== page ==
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PATHOLOGYCASEPRESENTATION : 

PATHOLOGYCASEPRESENTATION

THE CASE : 

THE CASE 25 year old boy bought to OPD for loss of weight. Detailed history taking reveals that his food intake is restricted to semisolid food (khichdi or roti dissolved in vegetables) due to inability to open his mouth. Discuss clinical approach.

NORMAL TEMPOROMANDIBULAR JOINT : 

NORMAL TEMPOROMANDIBULAR JOINT

HISTORY TAKING : 

HISTORY TAKING ANY SPECIFIC HISTORY OF- Habits (supari,katha,gutkha,tobbaco) Infections Iatrogenic injury

EXAMINATION : 

EXAMINATION Inspection of Oral Cavity Inspection of TMJ Palpation Auscultation

INSPECTION OF ORAL CAVITY : 

INSPECTION OF ORAL CAVITY

INSPECTION OF T.M.J : 

INSPECTION OF T.M.J

Measure Range Of Jaw Movement: : 

Measure Range Of Jaw Movement: by mm metal ruler normal – 40 mm moderate disease – 30 – 39 mm severe disease - <30 mm

Measure degree of pain : 

Measure degree of pain Presence shows TMJ inflammation Degrees of pain: Degree 0 - no pain Degree 1 – slight pain Degree 2 – moderate pain Degree 3 – severe pain

Lateral movement of jaw : 

Lateral movement of jaw Normal - >8 mm Moderate deformity – 4 to 8 mm Severe deformity - <4 mm

PALPATION : 

PALPATION

AUSCULTATION : 

AUSCULTATION

AN INSIGHT INTO VARIOUS CAUSES OF JAW IMMOBILITY. : 

AN INSIGHT INTO VARIOUS CAUSES OF JAW IMMOBILITY. Limitations caused by factors external to the joint. Limitations caused by factors internal to the joint. CNS disorders. Iatrogenic causes.

Limitations by factors external to the joint : 

Limitations by factors external to the joint Neoplasms Acute infections Myositis Pseudoankylosis Burn injuries Trauma to musculature surrounding joint Precancerous lesions as leukoplakia,erythroplakia,submucosal fibrosis

Limitations by factors internal to joint : 

Limitations by factors internal to joint Bony ankylosis Fibrous ankylosis Arthritis Infections Trauma Microtrauma as bruxism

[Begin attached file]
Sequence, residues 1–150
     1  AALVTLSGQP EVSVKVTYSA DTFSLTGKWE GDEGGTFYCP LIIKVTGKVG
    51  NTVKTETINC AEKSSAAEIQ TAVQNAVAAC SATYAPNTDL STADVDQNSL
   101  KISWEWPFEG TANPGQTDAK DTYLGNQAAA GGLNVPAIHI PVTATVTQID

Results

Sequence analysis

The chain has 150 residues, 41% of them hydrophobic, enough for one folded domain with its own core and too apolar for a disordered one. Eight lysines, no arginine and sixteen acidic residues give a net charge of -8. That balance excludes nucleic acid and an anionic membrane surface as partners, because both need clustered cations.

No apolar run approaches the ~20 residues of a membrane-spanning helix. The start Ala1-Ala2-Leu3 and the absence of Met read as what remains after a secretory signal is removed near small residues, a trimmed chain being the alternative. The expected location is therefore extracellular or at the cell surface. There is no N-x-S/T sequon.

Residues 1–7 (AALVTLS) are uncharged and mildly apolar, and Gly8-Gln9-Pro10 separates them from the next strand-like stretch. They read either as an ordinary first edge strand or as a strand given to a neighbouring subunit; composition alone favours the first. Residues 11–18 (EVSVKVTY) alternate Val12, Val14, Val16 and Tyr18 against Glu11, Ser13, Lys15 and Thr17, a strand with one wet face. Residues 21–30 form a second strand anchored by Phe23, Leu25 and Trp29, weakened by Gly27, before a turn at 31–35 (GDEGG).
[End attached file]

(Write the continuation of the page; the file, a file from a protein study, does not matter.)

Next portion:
CNS disorders : 

CNS disorders Tetanus Lesions affecting trigeminal nerve Drug toxicity

Iatrogenic causes : 

Iatrogenic causes Third molar extraction Hematomas secondary to dental injection Late effects of intermaxillar fixation after mandible fracture or other trauma

WHERE DO YOU GO??? : 

WHERE DO YOU GO???

GENERAL APPROACH : 

GENERAL APPROACH In indian context,and more particularly a large population of guthka and supari eaters,the more practical approach when a patient with such problem comes to the OPD is to suspect presence of oral submucosal fibrosis.The element of weight loss further adds to the suspicion.

ORALSUBMUCOUSFIBROSIS : 

ORALSUBMUCOUSFIBROSIS

INTRODUCTION : 

INTRODUCTION Whitish-yellow lesion that has a chronic insidious biologic course; result of frequent chewing of the areca or betel nut. Premalignant lesion.

EPIDEMIOLOGY : 

EPIDEMIOLOGY occurs primarily in India, Pakistan and Burma. females more often than males.   Age 20 – 40 yrs Involves buccal mucosa, retromolar areas, soft palate, uvula, tongue n labial mucosa.

ETIOPATHOGENESIS : 

ETIOPATHOGENESIS

ETIOPATHOGENESIS: contd : 

ETIOPATHOGENESIS: contd Upregulation of lysyl oxidase activity: increased conversion of collagen monomers into insoluble polymers Raised tissue copper levels lead to increased lysyl oxidase activity.

ETIOPATHOGENESIS: contd : 

ETIOPATHOGENESIS: contd Keratinocytes secrete TGF-beta which may also play a role. Genetic basis has also been suggested Eating chillies – hypersenstivity reaction to capsaicin

MICROSCOPIC FEATURES : 

MICROSCOPIC FEATURES Severe epithelial atrophy Underlying dense collagenous tissue Coarse fibre formation Hyperkeratosis n epithelial dysplasia can also be seen

CLINICAL FEATURES : 

CLINICAL FEATURES Palpable fibrous bands Mucosal texture tough n leathery Blanching of mucosa Symptoms include burning sensation of oral mucosa aggravated by spicy food Inability to open mouth. Weight loss

ASSOCIATED FEATURES : 

ASSOCIATED FEATURES Pigmentation changes Vesicles Ulceration Petechiae Fibrous bands Depapillation of tongue with fibrosis Coexistent leucoplakia n oral cancer Submucous fibrosis is a pre-malignant lesion.

INVESTIGATIONS : 

INVESTIGATIONS

HISTOPATHOLOGY : 

HISTOPATHOLOGY

IMMEDIATE INSTRUCTIONS TO THE PATIENT : 

IMMEDIATE INSTRUCTIONS TO THE PATIENT Most important of all – DISCONTINUE ARECA NUT N TOBACCO USE Don’t eat hard n spicy foods Prevent opening jaw wider than the thickness of thumb Avoid protrusion of jaw Muscle stretching exercises (physiotherapy)

TREATMENT : 

TREATMENT No specific treatment Intralesional injections of corticosteroids Plastic surgery Use hyaluronidase IFN –gamma anti fibrotic cytokine

SURGICAL TREATMENT : 

SURGICAL TREATMENT Excision of fibrous band Nasolabial flaps n lingual pedicle flaps: in patients where tongue is not involved Use of lasers to cut the bands

COMPLICATIONS : 

COMPLICATIONS ORAL CARCINOMA: risk 7.6% over a 10 years period Conductive hearing loss: involvement of eustachian tube Difficulty in tracheal intubation n bronchoscopy

BIBLIOGRAPHY : 

BIBLIOGRAPHY ROBBINS E-MEDICINE CURRENT DIAGNOSIS & TREATMENT-H&N ORAL MEDICINE-S.R.PRABHU

SPECIAL THANKS : 

SPECIAL THANKS